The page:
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Should I microchip my pet?

Pet MicrochipPet microchips are becoming increasingly popular around the world. But along with it’s popularity increases, the debate over microchipping animals has heated up as well. And even as some cities are passing laws to mandate them, other pet owners would like to see them outlawed. In this article, we try and shed some light on mysteries behind microchipping.

What is a microchip?
A pet microchip consists of a tiny tube (about the size of a grain of rice) that is inserted under the skin. For consistency, it is almost always placed on the left side near shoulder height. The process is a very quick, cheap, and painless. It carries a number in it that will identify the owner by name and address. The database also contains other relevant information, such as the cat’s health problems. For example, if your lost diabetic cat got picked up, her condition could be treated. All veteranarian offices and animal shelters are supposed to have a reading device for the microchip so animals can be easily identified.

Why should I ‘chip’ my pet?
All it takes to lose a pet is momentary distraction, an overexcited child, or an unaware in-home worker and you pet is gone in an instant. Sadly, once a pet is lost the odds are against it finding its way home again. According to the American Humane Association, only about 17% of lost dogs and 2% of lost cats ever find their way back from shelters to their original owners. Almost 20 million pets are euthanized every year because their owners can’t be found.

Are there reasons why I should not microchip my pet?
Perhaps the most frequently cited objection is the cost ($25-45 per pet). Aside from that, the chip is implanted with an injection, and requires no anesthesia. Since the microchip is sealed in a sterile capsule, there is very little chance for infection or rejection. And finally, since the chip requires no power it never needs replacing.

Which company should I get my microchip from?
Your pets health care provider will probably choose for you. But, you should know what chip they are installing and how it affects your pet’s safety. AVID and Home Again 125 kHz microchips can be scanned by all scanners presently in US animal shelters. To date, these brand of microchips have been placed in over 8 million pets in the United States. However, last year Banfield Pet Hospital (located in Petsmart stores) has recently adopted a 134.2kHz ISO microchip called RecoveryChipthat is manufactured by a european company. 134.2kHz microchips are also manufactured by Amercian companies Pethealth Services and Allflex. The decision about 134.2 or 125kHz is an import one because according to the The Humane Society of the United States the nation’s animal shelters may not have scanning devices that can read or detect the 134.2kHz pet identification microchips. Multiple lawsuits have been filed regarding the 134.2kHz chips. Until the debate settles, I would advise that you stick with the widely accepted chips from AVID or Home Again.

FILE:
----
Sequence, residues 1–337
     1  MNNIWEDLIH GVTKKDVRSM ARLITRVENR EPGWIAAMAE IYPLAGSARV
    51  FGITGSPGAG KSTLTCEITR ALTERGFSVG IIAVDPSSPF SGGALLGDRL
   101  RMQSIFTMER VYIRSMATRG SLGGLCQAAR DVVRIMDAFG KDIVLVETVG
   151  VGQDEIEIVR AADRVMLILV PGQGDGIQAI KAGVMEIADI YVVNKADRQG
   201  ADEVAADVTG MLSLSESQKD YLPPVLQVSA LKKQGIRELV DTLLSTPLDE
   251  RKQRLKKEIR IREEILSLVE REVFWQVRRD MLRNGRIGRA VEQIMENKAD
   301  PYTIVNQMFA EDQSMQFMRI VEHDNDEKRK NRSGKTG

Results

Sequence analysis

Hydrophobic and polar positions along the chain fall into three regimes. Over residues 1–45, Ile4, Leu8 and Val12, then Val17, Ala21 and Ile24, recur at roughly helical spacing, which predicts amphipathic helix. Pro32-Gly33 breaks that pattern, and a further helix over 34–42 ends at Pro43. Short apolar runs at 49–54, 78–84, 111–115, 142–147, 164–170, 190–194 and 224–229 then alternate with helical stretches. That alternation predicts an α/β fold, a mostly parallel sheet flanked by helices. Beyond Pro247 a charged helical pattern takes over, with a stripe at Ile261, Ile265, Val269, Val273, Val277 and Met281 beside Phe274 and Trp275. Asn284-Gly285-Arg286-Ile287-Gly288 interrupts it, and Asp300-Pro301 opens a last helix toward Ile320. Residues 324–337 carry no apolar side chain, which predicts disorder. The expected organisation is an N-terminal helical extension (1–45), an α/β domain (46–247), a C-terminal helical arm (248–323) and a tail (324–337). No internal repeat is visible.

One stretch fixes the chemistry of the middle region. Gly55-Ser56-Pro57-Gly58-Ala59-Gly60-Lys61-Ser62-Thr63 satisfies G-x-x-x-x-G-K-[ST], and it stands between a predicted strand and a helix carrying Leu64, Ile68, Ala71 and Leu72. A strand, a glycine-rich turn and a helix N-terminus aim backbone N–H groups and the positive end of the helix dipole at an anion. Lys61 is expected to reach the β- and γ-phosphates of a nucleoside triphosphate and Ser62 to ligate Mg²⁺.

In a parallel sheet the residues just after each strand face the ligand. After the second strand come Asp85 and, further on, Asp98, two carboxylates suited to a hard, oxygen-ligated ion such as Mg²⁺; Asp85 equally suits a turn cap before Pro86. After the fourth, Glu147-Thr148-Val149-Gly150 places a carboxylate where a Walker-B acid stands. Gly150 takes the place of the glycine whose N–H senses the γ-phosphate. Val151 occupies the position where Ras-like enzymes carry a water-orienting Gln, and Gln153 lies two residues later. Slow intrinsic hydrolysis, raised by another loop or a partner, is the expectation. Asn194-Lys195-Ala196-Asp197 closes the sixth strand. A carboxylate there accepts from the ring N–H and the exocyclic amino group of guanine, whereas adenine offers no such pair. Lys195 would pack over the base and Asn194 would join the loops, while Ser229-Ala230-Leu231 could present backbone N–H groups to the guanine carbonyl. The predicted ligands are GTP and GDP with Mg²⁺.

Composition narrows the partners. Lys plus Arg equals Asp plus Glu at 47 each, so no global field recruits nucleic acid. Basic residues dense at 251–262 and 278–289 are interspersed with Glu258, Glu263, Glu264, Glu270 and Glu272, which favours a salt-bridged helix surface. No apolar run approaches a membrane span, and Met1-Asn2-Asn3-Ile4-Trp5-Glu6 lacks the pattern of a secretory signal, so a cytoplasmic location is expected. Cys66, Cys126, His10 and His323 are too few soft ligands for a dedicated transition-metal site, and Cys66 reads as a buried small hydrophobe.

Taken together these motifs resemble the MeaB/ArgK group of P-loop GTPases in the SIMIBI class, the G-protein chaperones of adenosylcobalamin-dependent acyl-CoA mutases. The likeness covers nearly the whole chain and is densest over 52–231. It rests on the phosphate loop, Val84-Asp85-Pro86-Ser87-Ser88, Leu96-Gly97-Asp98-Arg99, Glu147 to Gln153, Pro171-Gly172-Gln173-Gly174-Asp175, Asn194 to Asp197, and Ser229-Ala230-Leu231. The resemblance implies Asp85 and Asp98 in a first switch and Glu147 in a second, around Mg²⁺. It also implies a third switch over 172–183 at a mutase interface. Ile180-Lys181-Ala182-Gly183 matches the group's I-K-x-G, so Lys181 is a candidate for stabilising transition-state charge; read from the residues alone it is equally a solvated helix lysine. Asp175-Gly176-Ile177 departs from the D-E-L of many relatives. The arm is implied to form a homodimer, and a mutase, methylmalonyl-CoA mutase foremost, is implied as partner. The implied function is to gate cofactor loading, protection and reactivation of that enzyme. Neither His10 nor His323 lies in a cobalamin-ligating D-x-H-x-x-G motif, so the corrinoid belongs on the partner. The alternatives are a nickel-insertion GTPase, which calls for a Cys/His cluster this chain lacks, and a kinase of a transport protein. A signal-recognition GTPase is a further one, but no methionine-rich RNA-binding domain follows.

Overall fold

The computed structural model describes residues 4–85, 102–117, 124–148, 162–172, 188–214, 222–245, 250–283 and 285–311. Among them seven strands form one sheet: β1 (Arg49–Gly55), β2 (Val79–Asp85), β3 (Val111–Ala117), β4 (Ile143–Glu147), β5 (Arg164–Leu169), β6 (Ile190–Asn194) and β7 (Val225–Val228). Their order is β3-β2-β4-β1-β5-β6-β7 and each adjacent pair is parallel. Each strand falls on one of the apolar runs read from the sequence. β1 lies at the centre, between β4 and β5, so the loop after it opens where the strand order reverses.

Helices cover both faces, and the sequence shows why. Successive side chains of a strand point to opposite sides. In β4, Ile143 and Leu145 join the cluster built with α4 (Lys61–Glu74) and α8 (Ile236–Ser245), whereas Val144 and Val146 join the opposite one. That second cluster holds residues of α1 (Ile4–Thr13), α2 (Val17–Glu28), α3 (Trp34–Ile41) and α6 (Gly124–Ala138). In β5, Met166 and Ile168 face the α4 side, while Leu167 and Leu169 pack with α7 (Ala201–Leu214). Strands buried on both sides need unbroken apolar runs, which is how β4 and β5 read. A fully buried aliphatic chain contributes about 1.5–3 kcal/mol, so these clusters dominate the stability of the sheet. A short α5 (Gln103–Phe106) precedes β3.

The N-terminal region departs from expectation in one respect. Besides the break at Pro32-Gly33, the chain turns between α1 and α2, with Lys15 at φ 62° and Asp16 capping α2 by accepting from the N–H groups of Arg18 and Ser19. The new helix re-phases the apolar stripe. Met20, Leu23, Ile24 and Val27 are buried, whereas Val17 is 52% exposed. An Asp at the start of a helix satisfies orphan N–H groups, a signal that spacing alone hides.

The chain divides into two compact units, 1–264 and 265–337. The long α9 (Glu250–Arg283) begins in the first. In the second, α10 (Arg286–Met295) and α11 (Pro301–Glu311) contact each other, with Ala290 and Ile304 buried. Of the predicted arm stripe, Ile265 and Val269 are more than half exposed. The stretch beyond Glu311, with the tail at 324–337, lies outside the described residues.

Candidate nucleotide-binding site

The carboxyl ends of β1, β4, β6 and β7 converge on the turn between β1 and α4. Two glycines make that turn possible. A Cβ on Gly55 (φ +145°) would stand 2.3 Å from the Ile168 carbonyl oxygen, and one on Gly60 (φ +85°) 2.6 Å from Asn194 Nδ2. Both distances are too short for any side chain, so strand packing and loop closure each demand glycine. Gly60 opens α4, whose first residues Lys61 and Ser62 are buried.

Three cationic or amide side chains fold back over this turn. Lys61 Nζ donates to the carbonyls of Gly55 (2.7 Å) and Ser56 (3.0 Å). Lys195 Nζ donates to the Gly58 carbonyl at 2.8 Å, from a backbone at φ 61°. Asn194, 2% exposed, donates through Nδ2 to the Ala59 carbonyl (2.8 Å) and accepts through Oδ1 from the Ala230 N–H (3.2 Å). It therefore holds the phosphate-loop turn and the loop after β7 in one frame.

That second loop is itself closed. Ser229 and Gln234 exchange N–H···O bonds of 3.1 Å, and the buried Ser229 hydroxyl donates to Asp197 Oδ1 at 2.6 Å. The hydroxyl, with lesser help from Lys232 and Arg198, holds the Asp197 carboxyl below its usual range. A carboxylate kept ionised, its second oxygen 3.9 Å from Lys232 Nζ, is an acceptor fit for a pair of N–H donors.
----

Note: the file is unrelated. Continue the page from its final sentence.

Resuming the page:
The bottom line
Unless your pet has a big brother complex, there is little reason not to microchip you pet. However, until the legal battles shake out we urge pet owners to make sure their pets are wearing collars and tags.

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One Response to “Should I microchip my pet?”

  1. KellyM Says:

    I have a microchip in my purebred Yorkshire Terrier that doesnt help me find him at all. He was stolen in September of 06. If someone takes him into a vet, and IF the vet scans his chip (IF, because they dont HAVE to scan ANY pet, anytime, and some vets, openly dont scan), then if the vet verifies the ownership info and find out that my Roo is listed as lost/stolen, the what do you think happens??? The vet doesnt have to do anything. They might call SPCA, maybe. The vet may not connact me, and might send my boy home with the people who brought him in. IF I hear about it, if someone lets me know where his is, I may have to sue the people to get my baby home. The OPP may feel it is a civil thing.

    Ive talked to alot of people, this is where I got my information. Ive talked to vets, humane society, microchip companies, OPP, etc … I seems to me, and I may be wrong, but, that the mircochips, as they are now, do not work for lost/stolen pet retieval. They might be wonderful for people who travel with their animals or for breeders, but not for everyday pet owners.

    Is there is a GPS chip availible?

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